Master chef Johann Lafer is a virtuoso in the kitchen -- and with modern technology too. At his cookery school the TV celebrity adopts a high-tech approach to make things easier in the kitchen with the touchless iPoint-Presenter.
Venison from the Sonnwald Forest, Tahitian vanilla, orange blossom salt -- Johann Lafer uses only the finest ingredients in the dishes he prepares. The Austrian star chef also chooses the best-quality equipment for his Table d'Or cookery school in Guldental near Bad Kreuznach.
The dining area boasts a special technological highlight. A 70-inch Full-HD-display which can be operated just by pointing a finger. When Johann Lafer wants to present the menu sequence to his pupils, call up a short film, play music, change the lighting mood or show pictures of meals, a brief movement of the finger is enough to start the selected program.
This is possible thanks to technology from the Fraunhofer Institute for Telecommunications, Heinrich-Hertz-Institut, HHI. The researchers in Berlin have developed a computer control system which is operated by gestures. "The iPoint Presenter consists of two digital cameras which register the movement of the finger and transfer this to the computer. Our software calculates the 3D coordinates of the finger from the video data and recognizes simple hand gestures in real time," explains HHI scientist Paul Chojecki.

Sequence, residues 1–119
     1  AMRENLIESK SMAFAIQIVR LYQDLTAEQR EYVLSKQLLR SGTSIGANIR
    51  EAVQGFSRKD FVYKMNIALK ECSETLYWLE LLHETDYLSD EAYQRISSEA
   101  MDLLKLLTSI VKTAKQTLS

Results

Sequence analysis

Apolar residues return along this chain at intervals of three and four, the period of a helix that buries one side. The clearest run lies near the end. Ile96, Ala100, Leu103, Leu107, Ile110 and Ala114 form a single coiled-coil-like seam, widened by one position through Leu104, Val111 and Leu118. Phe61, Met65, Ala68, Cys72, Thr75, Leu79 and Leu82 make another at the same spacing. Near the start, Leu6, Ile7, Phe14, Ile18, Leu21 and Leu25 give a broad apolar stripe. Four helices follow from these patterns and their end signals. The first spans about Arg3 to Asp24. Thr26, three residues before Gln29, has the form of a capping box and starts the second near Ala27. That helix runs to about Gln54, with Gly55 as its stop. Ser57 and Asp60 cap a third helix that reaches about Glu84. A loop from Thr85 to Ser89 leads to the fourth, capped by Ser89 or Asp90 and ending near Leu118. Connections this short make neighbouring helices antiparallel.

The recognition device about the size of a keyboard is housed in a drawer on the front of the large dining table. When the drawer is opened, the gesture recognition system automatically switches on. "The iPoint Presenter tracks the finger and the cursor moves on the display as if worked by an invisible hand. To open a program you just keep your finger pointing at the relevant button," says Chojecki.
At this year's CeBIT (in Hall 9, B36) visitors will be able to try out the gesture control system for themselves. It can also be used to operate lights and domestic appliances and therefore fits in nicely with the trade show's keynote "Connected Worlds" theme. The researchers are now working on new applications. Chojecki: "As the interaction takes place without anything having to be touched, the system is ideal for scenarios in which contact between the user and the computer needs to be avoided, such as in operating theaters."
In collaboration with medical technology company Storz the engineers are developing an innovative operating theater control system.
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